It’s been a long road and it’s incredible to finally break ground on the Inuit Art Centre. I’ve long been a supporter of the arts sector in Winnipeg and the Inuit Art Centre will make Winnipeg an internationally recognized leader in Indigenous arts and culture. Thank you to all who have helped make this day possible!
–Brian Bowman, Mayor of Winnipeg
I join the Winnipeg Art Gallery and members of the Gallery’s Indigenous Circle in commemorating this momentous step in the creation of an Inuit Art Centre to display the stories of Inuit told through art. Inuit art celebrates our history, present, and also imagines our future. It is vitally important that Inuit participate in the governance and curation of this initiative, as Inuit art continues to be one of the primary ways that people of southern Canada and around the world learn about who we are. I hope this gallery proves to be a new entry point to better understanding and respecting Canadian Inuit art, and by extension, greater respect for our communities and our homeland, Inuit Nunangat.
–Natan Obed, President, Inuit Tapiriit Kanatami
The WAG Inuit Art Centre will connect with more people and in new ways. It will be rooted in the belief that art is essential to building community and inspiring us to learn and move forward. The Centre will expand the Wag platform so that more voices can be shared and heard, bringing Canada’s North and South together.
–Dr. Ernest Cholakis, Board Chair, Winnipeg Art Gallery
This is a great day for our city, province, and country, but most importantly, for the Inuit, as we begin construction on the first Inuit Art Centre of its kind for the largest collection of contemporary Inuit art in the world. With a story found within every piece of art, there are thousands of stories to share here, and countless new ones to discover and create.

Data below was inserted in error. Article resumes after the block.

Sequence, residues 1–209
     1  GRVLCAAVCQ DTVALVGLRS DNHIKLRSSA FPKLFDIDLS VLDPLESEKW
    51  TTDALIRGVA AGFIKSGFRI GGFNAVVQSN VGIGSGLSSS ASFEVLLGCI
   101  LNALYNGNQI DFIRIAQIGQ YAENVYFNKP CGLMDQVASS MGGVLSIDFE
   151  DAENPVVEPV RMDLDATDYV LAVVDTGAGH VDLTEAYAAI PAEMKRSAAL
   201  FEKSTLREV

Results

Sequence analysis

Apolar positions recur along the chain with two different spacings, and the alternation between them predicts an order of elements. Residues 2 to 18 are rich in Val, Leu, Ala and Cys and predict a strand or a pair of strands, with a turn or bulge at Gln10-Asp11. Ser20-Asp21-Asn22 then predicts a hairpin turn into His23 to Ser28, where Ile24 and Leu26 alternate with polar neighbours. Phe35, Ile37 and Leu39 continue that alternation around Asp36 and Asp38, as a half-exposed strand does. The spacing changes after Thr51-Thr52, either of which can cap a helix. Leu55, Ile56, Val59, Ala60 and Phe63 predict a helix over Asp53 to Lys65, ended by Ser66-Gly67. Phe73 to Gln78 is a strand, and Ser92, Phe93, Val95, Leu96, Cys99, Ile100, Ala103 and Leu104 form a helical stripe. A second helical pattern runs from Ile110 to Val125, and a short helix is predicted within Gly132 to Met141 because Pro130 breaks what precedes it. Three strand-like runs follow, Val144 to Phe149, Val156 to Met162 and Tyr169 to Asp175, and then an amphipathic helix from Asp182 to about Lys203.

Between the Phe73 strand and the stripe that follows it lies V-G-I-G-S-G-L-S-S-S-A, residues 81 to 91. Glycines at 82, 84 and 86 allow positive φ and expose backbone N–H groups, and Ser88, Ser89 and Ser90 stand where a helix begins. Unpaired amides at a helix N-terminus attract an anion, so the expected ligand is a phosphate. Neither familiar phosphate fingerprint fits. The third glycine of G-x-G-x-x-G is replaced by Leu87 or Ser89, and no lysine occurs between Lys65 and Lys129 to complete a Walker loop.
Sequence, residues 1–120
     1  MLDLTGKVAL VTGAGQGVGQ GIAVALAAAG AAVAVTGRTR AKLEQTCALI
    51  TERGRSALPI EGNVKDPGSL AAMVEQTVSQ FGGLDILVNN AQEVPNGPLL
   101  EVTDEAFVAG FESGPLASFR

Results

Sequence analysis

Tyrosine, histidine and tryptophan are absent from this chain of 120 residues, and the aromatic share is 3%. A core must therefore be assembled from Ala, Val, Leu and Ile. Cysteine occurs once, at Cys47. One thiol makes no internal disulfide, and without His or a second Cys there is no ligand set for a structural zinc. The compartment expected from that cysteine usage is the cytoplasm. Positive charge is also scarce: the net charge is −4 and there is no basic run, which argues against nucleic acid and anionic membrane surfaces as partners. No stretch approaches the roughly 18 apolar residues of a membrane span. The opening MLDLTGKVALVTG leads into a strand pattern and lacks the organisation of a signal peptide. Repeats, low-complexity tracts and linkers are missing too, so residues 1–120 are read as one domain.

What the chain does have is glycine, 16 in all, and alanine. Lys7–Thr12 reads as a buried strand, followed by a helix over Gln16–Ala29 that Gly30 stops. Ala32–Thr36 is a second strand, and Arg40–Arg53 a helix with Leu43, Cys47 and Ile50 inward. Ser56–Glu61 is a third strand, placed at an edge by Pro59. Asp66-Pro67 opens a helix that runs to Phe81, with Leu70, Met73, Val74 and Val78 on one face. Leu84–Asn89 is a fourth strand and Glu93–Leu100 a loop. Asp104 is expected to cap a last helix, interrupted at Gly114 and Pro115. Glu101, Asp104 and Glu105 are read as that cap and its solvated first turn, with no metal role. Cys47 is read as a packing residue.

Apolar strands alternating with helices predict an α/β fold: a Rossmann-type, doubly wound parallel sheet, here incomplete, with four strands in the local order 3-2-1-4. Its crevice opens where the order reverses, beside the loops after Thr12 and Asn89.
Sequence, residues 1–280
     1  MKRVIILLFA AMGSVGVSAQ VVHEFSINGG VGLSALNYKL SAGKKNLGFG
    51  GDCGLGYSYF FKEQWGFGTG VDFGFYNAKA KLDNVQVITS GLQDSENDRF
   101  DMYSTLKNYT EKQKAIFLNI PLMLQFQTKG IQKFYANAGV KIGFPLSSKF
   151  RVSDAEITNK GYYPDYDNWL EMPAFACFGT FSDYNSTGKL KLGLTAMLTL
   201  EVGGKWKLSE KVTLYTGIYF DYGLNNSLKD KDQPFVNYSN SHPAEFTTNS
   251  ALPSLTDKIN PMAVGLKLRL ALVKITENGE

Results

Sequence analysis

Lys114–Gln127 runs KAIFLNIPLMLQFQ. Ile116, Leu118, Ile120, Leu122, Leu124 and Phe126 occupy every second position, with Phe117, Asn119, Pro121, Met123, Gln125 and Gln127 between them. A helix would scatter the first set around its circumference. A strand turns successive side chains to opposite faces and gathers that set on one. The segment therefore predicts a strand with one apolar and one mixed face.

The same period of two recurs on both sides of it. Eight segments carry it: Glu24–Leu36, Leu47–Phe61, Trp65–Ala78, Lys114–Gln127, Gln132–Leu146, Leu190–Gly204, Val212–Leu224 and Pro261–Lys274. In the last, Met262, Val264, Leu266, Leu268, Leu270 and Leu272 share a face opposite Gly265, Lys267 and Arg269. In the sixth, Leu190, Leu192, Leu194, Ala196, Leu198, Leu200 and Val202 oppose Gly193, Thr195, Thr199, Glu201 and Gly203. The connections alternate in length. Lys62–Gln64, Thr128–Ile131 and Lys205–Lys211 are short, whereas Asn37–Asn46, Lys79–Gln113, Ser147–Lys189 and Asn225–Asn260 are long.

–Dr. Stephen Borys, Director & CEO, Winnipeg Art Gallery
As the co-chairs we are ecstatic to have our second meeting convene at the historic groundbreaking of the Inuit Art Centre and the opening of SakKijâjuk: Art and Craft from Nunatsiavut. The work of the circle is instrumental if not critical to the transformation of the WAG affecting both the City of Winnipeg and Canada. The circle members are leading the way and the WAG will continue to strive to have the voices of First Nations, Inuit and Metis at the forefront of this institution today and into the future.
–Dr. Heather Igloliorte, Assistant Professor and Research Chair Concordia University and Co-chair, Indigenous Circle, Winnipeg Art Gallery; Dr. Julie Nagam, Associate Professor and Research Chair University of Winnipeg and co-chair, Indigenous Circle, Winnipeg Art Gallery
I am honored to be working with the WAG and the Inuit community in bringing to life the new Inuit Art Centre at the Winnipeg Art Gallery. In designing the new Centre we have drawn inspiration from the North’s landscape, light, people, and abstract beauty. The design for the Centre includes a real diversity of art viewing and educational spaces that celebrate both the physical forms and the spirit of Inuit art and culture. The new building will be a true public face for Inuit art for Winnipeg, for Manitoba, and for the whole of Canada.
– Michael Maltzan, Architect, Michael Maltzan Architecture
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About the Winnipeg Art Gallery
The Winnipeg Art Gallery is a cultural advocate using art to connect, inspire, and inform. Playing a dynamic role in the community, we are a place for learning, dialogue, and enjoyment through art. The WAG holds in trust the largest public collection of contemporary Inuit art on earth. To celebrate the art and to honour the Inuit, the WAG is building the Inuit Art Centre, the first of its kind in the world. Breaking ground in 2018, the Centre will bridge Canada’s North and South through exhibitions, research, education, and art making. To learn more visit wag.ca
Click here for media release in French.
Click here for media release in Inuktitut.
Click here for the Government of Manitoba funding release.